“It is my life. My body.”
The words are spit across the expanse of my kitchen, daring me to respond in kind.
I want to. I really, really want to. But I know that a philosophical discussion about the age of responsibility for one’s mortal shell is not really what’s at stake here.
Independence is. Control. Autonomy. Recognition.
Such is the life of parenting a teenager. Parenting any child, really. I deal with this with Little Man, when we battle over bedtime or getting homework done. He doesn’t fling the same statements, but the sentiment is there. He wants to make his own choices and assert his own personhood. Parenting is all about helping a child learn how to balance the immediate desire with the long term consequences. They don’t see all the angles, and it’s a parent’s job to not just state what the answer is, but to lay out the steps and results. It’s teaching them to balance all of the dichotomies of life in a wise way and independently make good choices.
And sometimes what you know clashes with their perspective, and you find yourself in a battle.
But with a teenager, often these battles seem a little more…life and death. It’s not choosing to take an F on a homework assignment or getting enough sleep at night. It’s about making decisions that might damage their bodies. It’s about being in places that could result in consequences that last a lifetime. It’s about creating a trajectory that could end in heartache.
But Sunshine is right. It is her life. It is her body.
So where does my worry end and my trust begin?
Sometimes when I’m talking to Sunshine, I get flashbacks to another kitchen, another standoff, to a time where I’m the one yelling about my life and my business and you-can’t-tell-me-what-to-do and when-I-turn-eighteen-I’m-out-of-here. I dig in my heels and say I can date who I like and act as I like and you can’t stop me.
Sometimes I wish I could remember the exact words my parents said to me. I’d really like to dust them off and give them another spin from the other side.
But I know the gist of it. They let me walk my path. In my senior year of high school, I turned 18 and I did indeed date that boy who was far too old for me…and more importantly, far too incompatible for me. I dated him for a full year—I do spite and perseverance well—but wouldn’t you know, about a month into my college career, it was over.
And what I remember from that time, and many others like it, was that there was never an I-told-you-so from my parents. Sometimes a “well, I’m really not *too* surprised” or a “perhaps next time you could…” squeaked out. But that was never the agenda. Instead, there was sympathy and sadness over the broken. A quiet picking up of the pieces and a promise for help with a fresh start.
I think all along my parents were my contingency plan.
For all the shouts about wanting my own life and how out of touch they were, there was always the knowledge that they were never going anywhere. I could run as hard and as fast as I wanted, but I knew I could always return. I was allowed to fall. I was allowed to figure it out, and then come back to empathy and open arms.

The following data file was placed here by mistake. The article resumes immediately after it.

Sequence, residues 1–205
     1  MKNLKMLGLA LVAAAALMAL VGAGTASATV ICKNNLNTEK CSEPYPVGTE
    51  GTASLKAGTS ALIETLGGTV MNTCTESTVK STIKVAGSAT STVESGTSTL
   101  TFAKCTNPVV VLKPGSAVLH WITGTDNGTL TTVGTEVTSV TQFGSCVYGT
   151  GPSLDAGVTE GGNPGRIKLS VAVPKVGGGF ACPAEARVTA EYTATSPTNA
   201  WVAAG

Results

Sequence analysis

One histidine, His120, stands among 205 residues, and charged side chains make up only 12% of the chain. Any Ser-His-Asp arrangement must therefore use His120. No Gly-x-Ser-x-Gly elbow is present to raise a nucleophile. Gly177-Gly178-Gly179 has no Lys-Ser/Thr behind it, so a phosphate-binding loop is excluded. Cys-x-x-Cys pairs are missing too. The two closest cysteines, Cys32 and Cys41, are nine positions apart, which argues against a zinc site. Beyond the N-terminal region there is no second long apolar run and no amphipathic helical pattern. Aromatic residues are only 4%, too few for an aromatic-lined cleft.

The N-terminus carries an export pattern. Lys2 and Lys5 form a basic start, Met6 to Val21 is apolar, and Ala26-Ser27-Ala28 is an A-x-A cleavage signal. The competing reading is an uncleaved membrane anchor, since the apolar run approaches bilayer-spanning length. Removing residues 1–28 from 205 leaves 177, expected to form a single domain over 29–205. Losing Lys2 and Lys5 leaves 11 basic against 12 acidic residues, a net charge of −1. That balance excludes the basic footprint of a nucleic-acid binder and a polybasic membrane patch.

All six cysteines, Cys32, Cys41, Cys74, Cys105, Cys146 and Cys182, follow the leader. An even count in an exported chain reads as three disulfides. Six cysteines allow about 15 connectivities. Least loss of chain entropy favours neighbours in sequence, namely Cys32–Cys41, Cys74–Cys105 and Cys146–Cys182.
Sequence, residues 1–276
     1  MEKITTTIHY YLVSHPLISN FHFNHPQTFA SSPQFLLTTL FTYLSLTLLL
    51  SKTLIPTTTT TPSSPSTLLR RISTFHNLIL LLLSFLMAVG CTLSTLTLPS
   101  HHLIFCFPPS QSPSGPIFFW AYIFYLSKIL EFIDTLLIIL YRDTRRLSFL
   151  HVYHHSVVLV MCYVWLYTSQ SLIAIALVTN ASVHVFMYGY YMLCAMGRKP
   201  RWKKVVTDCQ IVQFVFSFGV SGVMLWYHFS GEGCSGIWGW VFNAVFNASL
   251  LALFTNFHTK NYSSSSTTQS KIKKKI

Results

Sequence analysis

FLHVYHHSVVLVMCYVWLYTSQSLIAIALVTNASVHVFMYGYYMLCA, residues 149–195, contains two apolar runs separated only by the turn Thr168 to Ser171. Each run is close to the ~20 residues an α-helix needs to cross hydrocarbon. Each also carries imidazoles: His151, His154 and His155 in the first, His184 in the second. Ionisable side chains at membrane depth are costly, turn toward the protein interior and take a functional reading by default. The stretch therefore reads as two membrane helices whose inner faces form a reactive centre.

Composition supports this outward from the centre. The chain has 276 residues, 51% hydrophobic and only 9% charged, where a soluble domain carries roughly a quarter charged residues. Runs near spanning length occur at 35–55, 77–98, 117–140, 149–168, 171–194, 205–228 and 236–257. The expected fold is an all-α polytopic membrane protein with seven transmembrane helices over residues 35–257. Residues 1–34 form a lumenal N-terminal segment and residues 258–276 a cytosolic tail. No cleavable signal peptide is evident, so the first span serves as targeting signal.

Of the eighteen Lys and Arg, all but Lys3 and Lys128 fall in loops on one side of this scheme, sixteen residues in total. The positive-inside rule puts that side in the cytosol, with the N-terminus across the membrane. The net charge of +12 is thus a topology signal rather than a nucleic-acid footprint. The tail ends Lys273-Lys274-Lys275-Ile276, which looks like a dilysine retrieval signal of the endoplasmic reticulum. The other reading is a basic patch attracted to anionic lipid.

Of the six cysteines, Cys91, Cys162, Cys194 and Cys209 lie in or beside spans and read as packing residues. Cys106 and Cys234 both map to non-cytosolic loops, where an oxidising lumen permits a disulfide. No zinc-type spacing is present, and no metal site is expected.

The older I get, the more amazed I am at the grace my parents had for me. They bit their tongues and held back words and released their own agendas so that I could grow. They shared their wisdom and trusted that my deaf ears would someday hear. They put aside their own preferences so that mine could run their course. They valued their relationship with me more than anything else, and they made sure I knew that.
They didn’t always do it right, and they didn’t always respond with patience, but their love for me was never in question. No matter how embarrassed I was at my failures or how hard it was for me to confess my errors in judgment, I knew that there would always be kindness and care for my well-being. Mistakes were never recorded in the permanent record of our relationship. Sin was never left unforgiven. Love was never withheld.
This has not been Sunshine’s experience. People she trusted have left. Her choices were held against her. The ones who should have loved unconditionally didn’t. It’s no wonder that she tells me that if I don’t like her choice I don’t have to ever talk to her again.
Oh my dear, that would be like refusing to breathe the air.
This isn’t just a battle. This is a shifting of perspective. This is teaching someone not only how to make good choices, but how to trust that a mother-friend will still be there when you don’t.
I want to show Sunshine that this is how it is now. I want to let go of myself so that she can become the best version of herself. I want to be able to speak my mind and then let her make her own choices, for good or bad. And when she falls, I want to be her contingency plan.
That will only happen if I show her. It will only happen if I tell her I disagree, and then love her with the same dedication I have when we are not in conflict. It will only happen if I make the relationship more important than the battle.
I have no idea what I am doing. And I’m really scared for her. But I can only hope that I am showing her that no matter what she decides, I will always be here. That her behavior does not dictate my decision to love her. That no matter how far away from me she goes, I will be the place she can come to for her return.
And so I accept her decisions about her body and her life. I quietly put aside my own fears and worries and put her future in the hands of the One who is always with her even when I am not. I cannot always protect her. I cannot always make sure she does the right thing. But I can always love her.
I want that to be the thing she remembers.